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UNITED THEY STOOD: The rally to end mass incarceration

Oct 10, 2014 | by Lynn Powell

Mass incarceration is loosely defined as a system in which non-violent or low risk offenders, mostly drug offenders or those with mental health issues are given excessive sentences. When those citizens are punished without rehabilitation, they are more likely to re-offend or, because of their record, cannot obtain jobs to pay their fines and therefore return to the system like a revolving door.
America has the world’s highest incarceration rate, and State Sen. Connie Johnson (D-Forest Park) said things have to change.“America has 5 percent of the world’s population but we have 25 percent of the world’s incarcerated.

Mindy Ragan Wood | October 3, 2014

 

OKLAHOMA CITY — Yesterday afternoon supporters turned out on the steps of the state capitol to make their voices heard regarding mass incarceration, what they believe is a crippling fiscal crisis and a destructive human trend.

 

Mass incarceration is loosely defined as a system in which non-violent or low risk offenders, mostly drug offenders or those with mental health issues are given excessive sentences. When those citizens are punished without rehabilitation, they are more likely to re-offend or, because of their record, cannot obtain jobs to pay their fines and therefore return to the system like a revolving door.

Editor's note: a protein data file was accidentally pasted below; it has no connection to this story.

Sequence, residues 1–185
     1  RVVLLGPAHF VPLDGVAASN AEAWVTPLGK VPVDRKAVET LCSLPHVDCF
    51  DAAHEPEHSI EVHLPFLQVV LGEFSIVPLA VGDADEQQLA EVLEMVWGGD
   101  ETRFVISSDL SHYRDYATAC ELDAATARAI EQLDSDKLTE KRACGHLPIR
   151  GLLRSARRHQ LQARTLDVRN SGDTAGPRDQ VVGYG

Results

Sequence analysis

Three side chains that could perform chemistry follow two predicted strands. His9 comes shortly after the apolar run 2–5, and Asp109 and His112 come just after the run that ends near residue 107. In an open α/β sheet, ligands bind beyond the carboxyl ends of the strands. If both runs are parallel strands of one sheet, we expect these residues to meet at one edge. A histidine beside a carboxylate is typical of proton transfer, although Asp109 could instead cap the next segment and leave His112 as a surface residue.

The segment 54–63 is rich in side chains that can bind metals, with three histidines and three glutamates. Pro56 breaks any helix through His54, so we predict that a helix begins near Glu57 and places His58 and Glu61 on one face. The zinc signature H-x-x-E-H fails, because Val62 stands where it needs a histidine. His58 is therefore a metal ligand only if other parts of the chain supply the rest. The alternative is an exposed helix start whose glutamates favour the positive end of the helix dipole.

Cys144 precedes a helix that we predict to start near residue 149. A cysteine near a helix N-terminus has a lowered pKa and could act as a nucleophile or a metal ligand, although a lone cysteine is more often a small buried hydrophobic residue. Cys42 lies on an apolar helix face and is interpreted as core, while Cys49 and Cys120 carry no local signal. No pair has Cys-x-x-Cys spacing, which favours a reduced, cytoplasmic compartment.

America has the world’s highest incarceration rate, and State Sen. Connie Johnson (D-Forest Park) said things have to change.

 

“America has 5 percent of the world’s population but we have 25 percent of the world’s incarcerated. Incarceration for the U.S. dipped for the third year in a row but Oklahoma’s prison population increased by 3.4 percent,” Johnson said. “This is an unsustainable system. We cannot punish our way into prosperity.”

 

People Can Change

 

Advocates for judicial reform said the solution to ending mass incarceration is to fund educational and rehabilitative programs for low level criminals and non-violent offenders. As proof of that hope, former ex-felon and author, Dixie Pebworth said he’s proof rehabilitative programs work. As an at risk youth on the streets with little supervision, he turned to crime to survive.

 

“Society wanted to throw me away,” Pebworth said. He took advantage of tools available to many prisoners twenty years ago and left prison in 1994 with a business degree and completed a Bible school program. He is currently the director of Wings of Freedom, one of the state’s largest faith-based community living centers for families seeking sobriety.

 

Pebworth said while violent offenders who don’t rehabilitate should remain behind bars, the state’s approach to nonviolent offenders has to change and so does its philosophy. “Prison should not be about punishment. It should be about correction.”